Nam Singh had a handy way to measure the value of a cooking oil as he explained during his April virtual class for Academy of Healing Nutrition. He said simply, “A fat that melts in your hand will more easily leave your body.” Perfect, a chemistry lesson as a simple, elegant action. The oil that easily melts from body warmth is less congesting in a way that helps prevent heart disease. There is an omega problem with oils. Omega-6 is the fat we get from eating meat and dairy foods especially cheese. We need some omega-6 to help balance Omega-3 which is considered healthy, found in oily ocean fish and shiso leaf. But you may want to avoid vegetable oils high in omega-6:

  • soybean oil.
  • corn oil.
  • cottonseed oil.
  • sunflower oil.
  • peanut oil.
  • sesame oil.
  • rice bran oil.

Then there is the GMO problem. Corn, (aka maize,) is ruined by genetic modification which produces nicely plump, evenly spaced rows of corn kernels on the cob. However genetic modification eventually affects our genes, not to mention negatively impacting the gut. So many food experts warn against using vegetable and seed oils, except olive oil and coconut oil which are safe, stable and have a relatively long shelf life and higher smoking point. There is still the geo-political/environmental problem. I avoid palm oil. It is overused in processed foods, cosmetics and even dried cereals. Think Kelloggs, General Mills, even  Whole Earth Muesli. Looking deeper into its source we find that Brazilian locals as well as international industrial companies are raping the Amazon rain forest cutting down palm trees to get palm oil. Leaving big areas of the Amazon bald causes regularly occurring out of control fires, loss of wild life and world wide pollution. Much of the earth has already been laid bare in order to grow coffee with pesticides and harvest sources of cooking oil.

So, if we are keeping score, we have olive oil, coconut oil the healthy saturated fat, avocado oil, black seed oil and, for those who can tolerate it, butter. Ghee removes the milk solids to prevent cramps. Butter is one of the most complex of all dietary fats, containing more than 400 different fatty acids. It is very high in saturated fatty acids (about 70%) and holds about 25% of monounsaturated fatty acids. Where would French chefs be without butter and cream? They may add a little olive oil along with butter when pan frying, but they “finish” a sauce, a voloute, with a dab of butter. They thicken a sauce or soup with Beurre manié made with equal parts of flour and butter. French chefs also like duck or goose fat for their rich taste. They balance the cooking fats with wine and soup stock made with bones, vegetables and a bouquet garni—a bundle of herbs—usually parsley, thyme, a bay leaf wrapped in a piece of the green part of leek and tied with a string.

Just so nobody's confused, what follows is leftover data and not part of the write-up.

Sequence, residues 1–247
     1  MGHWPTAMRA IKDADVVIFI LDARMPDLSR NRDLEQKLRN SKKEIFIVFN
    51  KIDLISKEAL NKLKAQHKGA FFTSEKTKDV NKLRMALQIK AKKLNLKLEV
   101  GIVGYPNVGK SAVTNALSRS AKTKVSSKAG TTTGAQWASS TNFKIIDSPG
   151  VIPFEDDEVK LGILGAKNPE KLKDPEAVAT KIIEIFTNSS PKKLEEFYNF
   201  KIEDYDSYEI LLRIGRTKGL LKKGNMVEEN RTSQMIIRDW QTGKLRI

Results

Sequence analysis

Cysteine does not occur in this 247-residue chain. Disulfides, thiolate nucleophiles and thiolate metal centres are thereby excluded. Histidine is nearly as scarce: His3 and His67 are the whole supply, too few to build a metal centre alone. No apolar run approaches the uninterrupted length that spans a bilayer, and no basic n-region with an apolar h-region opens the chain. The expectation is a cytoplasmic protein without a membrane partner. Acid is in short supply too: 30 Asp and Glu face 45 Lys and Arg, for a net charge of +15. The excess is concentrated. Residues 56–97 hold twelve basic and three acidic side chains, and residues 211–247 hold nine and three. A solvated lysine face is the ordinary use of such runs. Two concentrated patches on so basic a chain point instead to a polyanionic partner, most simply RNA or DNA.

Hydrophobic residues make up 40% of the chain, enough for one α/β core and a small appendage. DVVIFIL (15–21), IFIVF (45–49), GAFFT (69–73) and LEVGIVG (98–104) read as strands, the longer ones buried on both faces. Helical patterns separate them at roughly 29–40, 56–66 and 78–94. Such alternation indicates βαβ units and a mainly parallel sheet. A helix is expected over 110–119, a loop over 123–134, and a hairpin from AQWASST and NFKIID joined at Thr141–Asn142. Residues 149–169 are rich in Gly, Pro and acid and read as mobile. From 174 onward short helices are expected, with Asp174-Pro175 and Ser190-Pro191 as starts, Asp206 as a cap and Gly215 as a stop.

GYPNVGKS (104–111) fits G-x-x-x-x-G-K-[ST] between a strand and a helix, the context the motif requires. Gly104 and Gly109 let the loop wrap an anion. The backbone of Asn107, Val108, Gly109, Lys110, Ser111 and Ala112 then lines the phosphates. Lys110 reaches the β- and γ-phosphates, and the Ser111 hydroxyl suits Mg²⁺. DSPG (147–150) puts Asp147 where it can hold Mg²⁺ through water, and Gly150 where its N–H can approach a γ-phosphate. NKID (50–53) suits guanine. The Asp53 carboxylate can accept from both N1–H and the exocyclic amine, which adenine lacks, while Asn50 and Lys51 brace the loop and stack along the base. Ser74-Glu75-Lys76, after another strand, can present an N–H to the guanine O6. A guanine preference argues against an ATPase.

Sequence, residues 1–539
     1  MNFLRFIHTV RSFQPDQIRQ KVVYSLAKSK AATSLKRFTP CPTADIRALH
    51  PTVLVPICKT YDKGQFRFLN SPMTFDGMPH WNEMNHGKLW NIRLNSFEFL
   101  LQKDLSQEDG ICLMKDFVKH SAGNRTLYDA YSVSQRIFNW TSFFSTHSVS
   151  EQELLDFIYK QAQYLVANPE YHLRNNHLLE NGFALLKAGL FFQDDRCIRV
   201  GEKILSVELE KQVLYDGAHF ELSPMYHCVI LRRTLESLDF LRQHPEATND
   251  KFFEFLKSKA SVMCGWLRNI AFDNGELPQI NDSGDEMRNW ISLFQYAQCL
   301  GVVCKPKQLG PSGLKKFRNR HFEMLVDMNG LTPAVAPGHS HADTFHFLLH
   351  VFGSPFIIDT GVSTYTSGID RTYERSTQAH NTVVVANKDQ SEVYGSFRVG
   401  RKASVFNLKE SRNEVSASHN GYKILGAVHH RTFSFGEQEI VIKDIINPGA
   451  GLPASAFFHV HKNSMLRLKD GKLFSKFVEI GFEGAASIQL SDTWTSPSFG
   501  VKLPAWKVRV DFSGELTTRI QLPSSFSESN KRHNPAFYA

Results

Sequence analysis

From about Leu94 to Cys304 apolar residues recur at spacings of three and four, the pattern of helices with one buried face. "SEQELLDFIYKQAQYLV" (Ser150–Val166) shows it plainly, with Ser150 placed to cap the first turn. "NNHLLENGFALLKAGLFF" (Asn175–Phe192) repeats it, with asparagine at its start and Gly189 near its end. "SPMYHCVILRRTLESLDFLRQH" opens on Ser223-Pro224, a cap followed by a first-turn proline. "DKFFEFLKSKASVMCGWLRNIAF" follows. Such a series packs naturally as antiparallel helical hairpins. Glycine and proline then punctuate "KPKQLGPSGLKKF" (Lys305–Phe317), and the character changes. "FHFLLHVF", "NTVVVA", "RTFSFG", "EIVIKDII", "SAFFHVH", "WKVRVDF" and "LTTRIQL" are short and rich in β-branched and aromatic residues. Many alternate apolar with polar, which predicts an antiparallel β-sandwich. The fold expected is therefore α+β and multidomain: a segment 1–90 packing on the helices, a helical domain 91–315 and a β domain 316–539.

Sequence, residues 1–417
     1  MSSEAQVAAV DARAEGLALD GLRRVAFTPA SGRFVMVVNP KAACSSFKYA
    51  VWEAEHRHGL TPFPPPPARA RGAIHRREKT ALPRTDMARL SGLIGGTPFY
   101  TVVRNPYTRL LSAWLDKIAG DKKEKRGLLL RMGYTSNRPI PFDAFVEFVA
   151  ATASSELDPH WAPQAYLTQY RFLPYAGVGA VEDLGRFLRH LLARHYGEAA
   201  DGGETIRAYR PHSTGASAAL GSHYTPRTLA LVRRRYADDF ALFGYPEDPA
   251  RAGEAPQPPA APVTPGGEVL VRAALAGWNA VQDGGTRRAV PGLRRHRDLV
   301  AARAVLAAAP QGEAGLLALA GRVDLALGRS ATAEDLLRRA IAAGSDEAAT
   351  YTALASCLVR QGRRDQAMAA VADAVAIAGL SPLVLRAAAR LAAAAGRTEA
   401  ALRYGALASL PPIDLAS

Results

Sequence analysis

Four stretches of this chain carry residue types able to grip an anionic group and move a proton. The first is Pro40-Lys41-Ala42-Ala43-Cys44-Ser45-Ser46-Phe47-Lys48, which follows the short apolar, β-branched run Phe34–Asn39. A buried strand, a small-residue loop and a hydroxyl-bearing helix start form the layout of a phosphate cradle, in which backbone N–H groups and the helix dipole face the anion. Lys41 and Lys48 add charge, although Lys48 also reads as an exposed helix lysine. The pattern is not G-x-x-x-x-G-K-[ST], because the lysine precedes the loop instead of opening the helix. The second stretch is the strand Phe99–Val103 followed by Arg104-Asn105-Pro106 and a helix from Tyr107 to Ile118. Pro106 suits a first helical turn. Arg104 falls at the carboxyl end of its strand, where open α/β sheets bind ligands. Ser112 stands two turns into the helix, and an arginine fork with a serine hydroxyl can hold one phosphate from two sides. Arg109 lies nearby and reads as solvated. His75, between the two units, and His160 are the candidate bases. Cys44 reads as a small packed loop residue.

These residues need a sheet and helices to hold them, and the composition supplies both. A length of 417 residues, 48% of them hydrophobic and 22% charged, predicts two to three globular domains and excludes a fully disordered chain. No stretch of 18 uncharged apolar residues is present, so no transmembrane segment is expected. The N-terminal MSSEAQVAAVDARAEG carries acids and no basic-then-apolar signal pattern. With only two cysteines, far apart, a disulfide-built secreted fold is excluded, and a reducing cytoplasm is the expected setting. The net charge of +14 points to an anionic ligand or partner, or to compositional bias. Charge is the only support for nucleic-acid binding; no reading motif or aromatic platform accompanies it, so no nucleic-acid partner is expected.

Let’s drop the chemistry and talk about taste. If you are interested to compare the relative values, cholesterol, and food energy in foods, for example duck fat as opposed to chicken fat here is a useful website: www.versus.com Chicken fat has less saturated fat than duck fat. Who ever heard of cooking with chicken fat? The Jewish world that’s who. Better known as “schmaltz,” chicken fat was a major ingredient for Ashkenazi Jews, who had little or no access to olive oil that Jews living in the Middle East used in cooking. The fat has a fairly mild taste with strong chicken overtones. Pour the liquid fat into a glass jar after browning chicken pieces. The fat is creamy at room temperature and is best kept in an airtight jar in the refrigerator. You can brown toast on the stove with chicken fat and when done add a pinch of salt for tasty chicken flavored toast.

Lard is another option. Someone in class asked where do you buy lard? And what is it? Lard is the fat from bacon drippings you collect after frying bacon. Use it for stir frying or add a little to split pea soup instead of adding ham hocks. Lard compared to butter is better: Lots less sugar, less saturated fat, more zinc and choline, more food energy, more vitamins D2 and D3. Lard is part of the healthy Okinawan diet which features six vegetables a day including yam. When I mentioned that I grew up in a Hungarian family who added bacon to morning oatmeal, Roger Green, founder of Academy of Healing Nutrition, said that the addition of fat could help to reduce a blood sugar spike from the grain. A good thing to remember.

So how fat is fat? It depends upon the taste you want, remembering to keep it natural, a fat used by healthy populations throughout history, tested in a laboratory for its chemistry, but proven in your kitchen.